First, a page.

A couple months back with summer closing in and a lot of local hiking to occupy my weekends, I decided it was time to change up my boots and break in something new. So I picked up a pair of Keen’s Targhee III hiking boots in a mid-height cut for a little more ankle support and have been up and down plenty of trails with them since from dirt days to some unexpected snow and everything between.
The shoe shelves in my gear room ranges from 4-season mountaineering boots to trail runners and frankly, a good pair of 3-season hiking boots can be one of the hardest shoes to settle on. On one hand, you’re buying a boot for some rigidity and protection. On the other hand, something light, breathable and comfortable really helps on a long, hot day.
While I haven’t had these boots long enough to pass full judgement, several solid hikes in, I have to say I am impressed.
60 Days In: What I Like
Quick break in: After a quick walk around the house (not like I could try them in the store this year), I was pretty confident that break in would not be a big issue here and took my new boots out for a moderate, 4,000′ day up Mount Diablo. A dozen miles of dry dirt trails, rocky terrain and even some pavement and I only found one hot spot. Since then they’ve remained just as comfy and I’ve actually picked them up for days where a trail runner would usually be my go to.
Great comfort on hard terrain. Going up the Mist Trail into Yosemite’s backcountry and back down to The Valley in a day, I’m use to feeling some solid wear on my feet and especially my toes. While I did immediately swap the insoles out for a pair of superfeet, I’ve yet to feel any real wear from stomping around. Like a good hiking boot, they take a beating.
Solid waterproofing: One of the things I do before reviewing any shoe or boot claiming to be waterproof besides hiking it through water is to run it under the sink. Sure, a boot may survive a mellow stream but how does it do half submerged? Answer in this case: Great. No water in from the base or from the laces until you get pretty high up and that’s something that still stands after a few weeks of break-in which can open up some gaps.
Decent all around traction: Beyond local dirt trails, I’ve hiked these over rocky terrain, up Yosemite’s Mist Trail just last weekend, and even across snowy covered boulders after a light storm rolled through Tahoe a few weeks back. Downhill on loose gravel, I had a few skids but on good rock and even a few inches of snow, they seem to stick well. The soles have held up decently in their early showing too without many scuffs or scrapes which is surprisingly not always the case with boots I try out.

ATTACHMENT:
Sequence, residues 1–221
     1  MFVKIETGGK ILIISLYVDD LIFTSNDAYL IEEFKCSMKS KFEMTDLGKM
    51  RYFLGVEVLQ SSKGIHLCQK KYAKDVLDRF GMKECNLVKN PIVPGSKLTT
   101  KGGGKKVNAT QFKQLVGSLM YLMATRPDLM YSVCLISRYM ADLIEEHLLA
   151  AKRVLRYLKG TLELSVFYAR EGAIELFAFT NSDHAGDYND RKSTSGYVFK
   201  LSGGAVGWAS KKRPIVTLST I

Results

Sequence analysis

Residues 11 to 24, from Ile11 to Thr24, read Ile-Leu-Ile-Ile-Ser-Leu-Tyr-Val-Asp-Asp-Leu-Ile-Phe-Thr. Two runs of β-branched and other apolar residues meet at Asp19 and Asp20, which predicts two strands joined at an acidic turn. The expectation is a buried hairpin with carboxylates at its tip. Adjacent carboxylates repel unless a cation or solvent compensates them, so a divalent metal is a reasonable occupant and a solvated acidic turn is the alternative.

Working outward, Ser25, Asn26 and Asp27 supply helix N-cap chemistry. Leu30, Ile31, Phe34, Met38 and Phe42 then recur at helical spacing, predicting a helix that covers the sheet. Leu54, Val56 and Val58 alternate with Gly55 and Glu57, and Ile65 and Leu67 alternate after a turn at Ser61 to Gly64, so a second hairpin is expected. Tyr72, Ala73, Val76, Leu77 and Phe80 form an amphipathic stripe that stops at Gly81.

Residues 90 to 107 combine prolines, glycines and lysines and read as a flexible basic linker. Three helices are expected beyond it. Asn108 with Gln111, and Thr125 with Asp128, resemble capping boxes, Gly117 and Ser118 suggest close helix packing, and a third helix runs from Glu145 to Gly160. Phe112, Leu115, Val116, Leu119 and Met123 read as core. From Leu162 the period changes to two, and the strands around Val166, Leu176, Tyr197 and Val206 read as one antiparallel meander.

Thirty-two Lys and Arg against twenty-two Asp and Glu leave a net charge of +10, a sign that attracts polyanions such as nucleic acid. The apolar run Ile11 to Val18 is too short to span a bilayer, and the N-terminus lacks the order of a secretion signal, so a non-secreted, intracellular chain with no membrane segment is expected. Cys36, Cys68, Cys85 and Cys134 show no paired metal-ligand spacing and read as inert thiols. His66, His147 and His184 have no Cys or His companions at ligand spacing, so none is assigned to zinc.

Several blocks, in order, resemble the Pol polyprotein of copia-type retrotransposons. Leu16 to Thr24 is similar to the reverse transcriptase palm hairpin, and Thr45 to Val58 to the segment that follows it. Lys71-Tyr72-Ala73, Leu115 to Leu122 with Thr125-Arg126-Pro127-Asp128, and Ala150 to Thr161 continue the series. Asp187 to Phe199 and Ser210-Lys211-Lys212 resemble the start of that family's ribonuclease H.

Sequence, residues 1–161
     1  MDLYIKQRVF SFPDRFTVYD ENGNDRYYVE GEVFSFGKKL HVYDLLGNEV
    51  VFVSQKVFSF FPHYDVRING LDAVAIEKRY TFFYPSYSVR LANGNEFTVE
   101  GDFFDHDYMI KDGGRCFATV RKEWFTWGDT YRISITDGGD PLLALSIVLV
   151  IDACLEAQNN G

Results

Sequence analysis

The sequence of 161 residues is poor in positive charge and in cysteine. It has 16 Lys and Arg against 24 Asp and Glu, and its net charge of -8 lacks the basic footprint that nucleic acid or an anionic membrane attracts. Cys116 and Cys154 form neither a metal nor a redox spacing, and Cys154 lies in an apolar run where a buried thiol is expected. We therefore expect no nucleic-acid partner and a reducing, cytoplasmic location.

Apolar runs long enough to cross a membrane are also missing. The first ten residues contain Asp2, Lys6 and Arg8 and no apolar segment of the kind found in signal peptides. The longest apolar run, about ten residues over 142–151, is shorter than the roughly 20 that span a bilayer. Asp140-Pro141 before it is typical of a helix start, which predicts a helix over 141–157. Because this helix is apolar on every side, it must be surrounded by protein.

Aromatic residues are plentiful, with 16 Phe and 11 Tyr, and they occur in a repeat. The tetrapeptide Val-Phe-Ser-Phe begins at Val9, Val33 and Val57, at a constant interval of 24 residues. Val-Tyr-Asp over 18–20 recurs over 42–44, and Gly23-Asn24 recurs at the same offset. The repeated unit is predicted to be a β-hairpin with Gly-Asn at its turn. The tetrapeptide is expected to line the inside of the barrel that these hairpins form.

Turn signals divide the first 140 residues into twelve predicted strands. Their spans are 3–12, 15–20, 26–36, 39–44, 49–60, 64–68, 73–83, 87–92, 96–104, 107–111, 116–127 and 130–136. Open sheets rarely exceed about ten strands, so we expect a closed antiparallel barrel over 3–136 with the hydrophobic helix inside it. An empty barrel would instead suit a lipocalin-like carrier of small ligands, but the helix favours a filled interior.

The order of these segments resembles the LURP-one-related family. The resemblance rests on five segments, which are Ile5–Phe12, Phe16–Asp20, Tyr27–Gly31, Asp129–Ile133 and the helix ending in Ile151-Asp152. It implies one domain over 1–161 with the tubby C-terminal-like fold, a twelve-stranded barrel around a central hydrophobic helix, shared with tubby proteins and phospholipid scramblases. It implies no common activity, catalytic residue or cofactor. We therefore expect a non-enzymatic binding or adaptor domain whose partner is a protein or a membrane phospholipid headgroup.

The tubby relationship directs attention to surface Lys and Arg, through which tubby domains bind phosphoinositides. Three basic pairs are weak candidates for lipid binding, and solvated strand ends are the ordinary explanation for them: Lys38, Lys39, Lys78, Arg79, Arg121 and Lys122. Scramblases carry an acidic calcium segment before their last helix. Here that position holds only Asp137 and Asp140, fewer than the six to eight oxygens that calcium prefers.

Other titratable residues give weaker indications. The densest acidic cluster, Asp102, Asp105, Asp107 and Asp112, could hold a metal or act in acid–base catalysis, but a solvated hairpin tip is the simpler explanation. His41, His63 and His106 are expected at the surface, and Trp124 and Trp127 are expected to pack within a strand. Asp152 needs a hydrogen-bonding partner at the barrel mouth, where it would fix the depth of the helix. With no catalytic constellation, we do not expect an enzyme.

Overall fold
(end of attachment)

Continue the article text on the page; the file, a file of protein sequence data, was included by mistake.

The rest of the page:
They look good! I know, you’re not buying a hiking boot for the looks but come on, it is something you wear and at the price point of a new pair of boots, it’s nice to have one that looks decent. You know, gotta be ready for those selfie review photos — or maybe that’s just my problem.
60 Days In – What I’m Not Loving
So far there hasn’t been anything to make me table these boots and grab something else out of the gear room but of course, there are some areas that aren’t perfect — call it tradeoffs.
First up is how they breath. Waterproof never does great in this respect but I find these to run a bit hotter than my Merrell or Oboz boots at a similar price. Not terrible, just a little warmer than I’d like.
Second, I really prefer two levels of lace hooks on a boot to allow for some different lacing techniques to combat sore spots, heel lift and the like. So far this hasn’t led to any major sore spots but on a long day, lacing helps (see this video from REI on boot techniques).
Third, the boots have a lot of give and while that makes them real comfortable out and about, they feel best suited to a defined trail or some consistent rock. Not my go to for a trail crossing or aggressive scramble where something bulkier is warranted.
Finally, the insoles. Now I grant that there’s nothing wrong with what Keen gives you or different from just about any other boot, nor do they know what your arch is like. Still, just once, I’d like a boot to come with an insole I don’t feel like I should toss into the “extra gear” pile.
Bottom line: 4.5 / 5 – totally worth it
At 60 days in, I’m not ready to call my review final but there’s a reason these things have near 5 star reviews all over the web and I’m sold enough to gladly throw my pair into the gear pile for this weekend’s long hike (wahoo Eastern Sierras!).
The mid-cut style, comfortable but light-enough-weight design (about 2 lbs, 2.8oz listed weight per pair) and waterproofing make them a great all around choice for anyone looking to take on mixed terrain and a day where you want a little more support than a trail runner can offer up.
- Category: Waterproof Hiking Boots
- Utility: Spring, Summer, Fall General Trails
- Pros: Comfortable, supportive, good waterproofing
- Cons: Don’t breath as well as some other hiking boots
- Style: Mid-cut
- Price: $150 MSRP
- Rating: 4.5 of 5
- All the details: Official Site
* Disclosure: None. I bought these boots and no one paid me to post this so it’s just my $0.02, straight up.